Many birth defects can be diagnosed before birth with tests. Chromosome problems such as Down syndrome can be diagnosed before birth by looking at cells in the amniotic fluid or from the placenta. Or they can be found by looking at the baby’s DNA in the mother’s blood (noninvasive prenatal screening). These tests are very accurate.
Fetal ultrasound during pregnancy can also show the possibility of certain birth defects. But ultrasound is not 100% accurate. Some babies with birth defects may look the same on ultrasound as those without problems.
Tests that can be done while a baby is in the uterus include the following.
This blood test measures the levels of a protein called AFP (alpha-fetoprotein). This protein is released by the baby’s liver and is found in the mother's blood. AFP is sometimes called maternal serum AFP (MSAFP). AFP screening may be one part of a 2-, 3-, or 4-part screening. It's often called a multiple marker screen. The other parts are:
- Human chorionic gonadotropin (hCG). This is a hormone released by some cells in the placenta. High hCG levels may mean that the baby has Down syndrome. This condition is a chromosome problem. It causes learning problems and some physical changes.
- Estriol. This is a hormone made by the placenta, and by the baby’s liver and adrenal glands. Low levels may mean the baby has Down syndrome.
- Inhibin. This is a hormone made by the placenta. Abnormal levels may mean an increased risk for Down syndrome.
Nuchal translucency screening
This is an ultrasound test often done late in the first trimester. Thickening of the area at the back of the baby’s neck may mean an increased risk for Down syndrome or other chromosome problems.
This test takes a small sample of the amniotic fluid that surrounds the baby. The sample is used to diagnose chromosome problems and open neural tube defects such as spina bifida. Testing can be done for other genetic defects and disorders. This depends on family history and lab testing available at the time of the test. The American College of Obstetricians and Gynecologists advises amniocentesis around 15 to 20 weeks of pregnancy for women who are at higher risk for chromosome problems. These include women who are older than 35 at delivery. It also includes women who have had an abnormal blood test that means they are at higher risk for a chromosome problem or neural tube defect such as spina bifida. In some cases, amniocentesis may be done as early as 14 weeks.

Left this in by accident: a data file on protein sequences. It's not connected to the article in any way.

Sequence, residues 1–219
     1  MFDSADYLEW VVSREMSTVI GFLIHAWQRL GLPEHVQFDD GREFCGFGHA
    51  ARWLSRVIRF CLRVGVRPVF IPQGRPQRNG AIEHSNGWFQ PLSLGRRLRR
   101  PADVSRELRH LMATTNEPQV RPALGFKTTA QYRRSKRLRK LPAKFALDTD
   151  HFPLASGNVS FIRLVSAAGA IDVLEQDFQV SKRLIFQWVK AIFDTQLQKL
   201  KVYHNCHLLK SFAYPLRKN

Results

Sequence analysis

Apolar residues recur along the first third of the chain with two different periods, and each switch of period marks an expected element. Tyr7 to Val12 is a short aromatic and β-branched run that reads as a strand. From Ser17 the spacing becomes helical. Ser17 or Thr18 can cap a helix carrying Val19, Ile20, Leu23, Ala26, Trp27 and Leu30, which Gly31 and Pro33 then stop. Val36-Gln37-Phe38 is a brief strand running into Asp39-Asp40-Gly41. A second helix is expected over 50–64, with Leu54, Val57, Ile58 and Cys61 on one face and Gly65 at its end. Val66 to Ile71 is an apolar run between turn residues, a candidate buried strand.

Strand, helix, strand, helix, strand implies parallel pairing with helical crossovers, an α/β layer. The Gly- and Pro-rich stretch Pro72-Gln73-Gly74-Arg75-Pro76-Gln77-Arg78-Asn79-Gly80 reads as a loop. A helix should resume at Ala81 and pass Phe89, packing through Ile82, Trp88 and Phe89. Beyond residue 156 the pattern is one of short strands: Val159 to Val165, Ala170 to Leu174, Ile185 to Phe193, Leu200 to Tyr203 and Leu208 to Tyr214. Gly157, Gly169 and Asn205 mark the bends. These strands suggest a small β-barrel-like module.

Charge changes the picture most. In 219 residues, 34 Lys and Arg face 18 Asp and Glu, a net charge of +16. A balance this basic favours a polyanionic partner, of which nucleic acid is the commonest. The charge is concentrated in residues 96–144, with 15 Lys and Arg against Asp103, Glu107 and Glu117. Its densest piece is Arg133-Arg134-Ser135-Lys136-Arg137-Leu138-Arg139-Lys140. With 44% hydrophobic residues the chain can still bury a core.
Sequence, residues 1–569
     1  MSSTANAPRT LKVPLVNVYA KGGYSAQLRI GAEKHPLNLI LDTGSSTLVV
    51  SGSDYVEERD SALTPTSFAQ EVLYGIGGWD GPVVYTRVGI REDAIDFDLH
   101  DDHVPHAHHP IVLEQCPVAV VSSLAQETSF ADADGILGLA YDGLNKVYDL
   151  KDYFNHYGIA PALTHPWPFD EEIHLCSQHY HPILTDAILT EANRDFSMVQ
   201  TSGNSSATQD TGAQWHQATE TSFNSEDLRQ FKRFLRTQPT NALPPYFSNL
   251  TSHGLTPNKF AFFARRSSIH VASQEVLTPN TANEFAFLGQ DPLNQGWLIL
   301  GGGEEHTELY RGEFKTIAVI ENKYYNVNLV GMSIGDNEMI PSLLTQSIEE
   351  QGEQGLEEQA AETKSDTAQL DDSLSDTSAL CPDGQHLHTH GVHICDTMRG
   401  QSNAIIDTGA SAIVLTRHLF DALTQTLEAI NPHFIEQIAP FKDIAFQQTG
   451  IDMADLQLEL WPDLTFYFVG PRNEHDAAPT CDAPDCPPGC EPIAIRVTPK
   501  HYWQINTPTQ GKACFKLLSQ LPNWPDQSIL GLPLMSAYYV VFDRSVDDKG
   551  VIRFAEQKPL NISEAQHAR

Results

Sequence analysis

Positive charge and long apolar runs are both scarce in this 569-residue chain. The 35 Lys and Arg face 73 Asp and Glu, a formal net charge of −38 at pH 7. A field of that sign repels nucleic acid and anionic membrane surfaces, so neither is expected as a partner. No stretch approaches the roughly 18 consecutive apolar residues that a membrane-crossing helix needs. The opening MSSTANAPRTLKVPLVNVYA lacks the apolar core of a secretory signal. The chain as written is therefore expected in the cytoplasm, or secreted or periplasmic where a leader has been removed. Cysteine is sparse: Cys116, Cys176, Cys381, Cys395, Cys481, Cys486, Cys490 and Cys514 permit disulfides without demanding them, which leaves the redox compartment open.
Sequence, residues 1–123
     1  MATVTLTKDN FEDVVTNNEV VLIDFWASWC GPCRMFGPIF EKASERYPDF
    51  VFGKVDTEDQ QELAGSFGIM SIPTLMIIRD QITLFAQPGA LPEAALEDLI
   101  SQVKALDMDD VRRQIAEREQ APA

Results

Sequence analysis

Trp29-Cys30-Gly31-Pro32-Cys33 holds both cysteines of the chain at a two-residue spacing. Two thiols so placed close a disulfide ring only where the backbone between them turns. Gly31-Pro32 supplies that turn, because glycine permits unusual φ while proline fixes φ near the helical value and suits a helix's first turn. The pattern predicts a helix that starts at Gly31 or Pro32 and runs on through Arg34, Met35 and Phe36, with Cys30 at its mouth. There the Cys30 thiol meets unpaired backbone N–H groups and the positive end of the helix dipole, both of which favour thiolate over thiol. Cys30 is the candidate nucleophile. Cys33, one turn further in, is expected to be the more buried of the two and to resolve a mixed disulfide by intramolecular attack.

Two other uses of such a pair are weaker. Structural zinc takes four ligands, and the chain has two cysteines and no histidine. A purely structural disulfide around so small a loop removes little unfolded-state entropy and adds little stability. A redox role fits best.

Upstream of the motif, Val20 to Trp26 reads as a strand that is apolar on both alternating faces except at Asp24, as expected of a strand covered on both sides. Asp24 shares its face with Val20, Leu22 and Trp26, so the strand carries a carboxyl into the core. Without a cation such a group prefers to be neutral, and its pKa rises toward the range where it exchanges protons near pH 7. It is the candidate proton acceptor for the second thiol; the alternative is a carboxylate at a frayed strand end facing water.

Chorionic villus sampling (CVS)
This test takes a sample of some tissue from the placenta. This tissue has the same genetic material as the baby. It can be tested for chromosome problems and some other genetic problems. This depends on family history and lab testing available at the time of the test. Unlike amniocentesis, CVS does not give information on neural tube defects such as spina bifida. Women who have the CVS test also need a follow-up blood test between 16 and 18 weeks of pregnancy. This blood test is to screen for neural tube defects.
This is a test that uses sound waves to create an image of the internal organs. Some physical birth defects can be found with ultrasound.
Noninvasive prenatal screening
This is a test that looks at the mother's blood. The lab looks for genetic material called DNA that comes from the placenta. This DNA is the same as the baby’s DNA. The lab looks for chromosome problems such as trisomy 13, trisomy 18, and trisomy 21.
Sometimes birth defects are not diagnosed until after birth. A baby may be diagnosed with a physical exam by a healthcare provider. The healthcare provider may also take a blood sample. This is looked at in a lab to find chromosome problems. This is important so the parents know the risk for that birth defect in future pregnancies.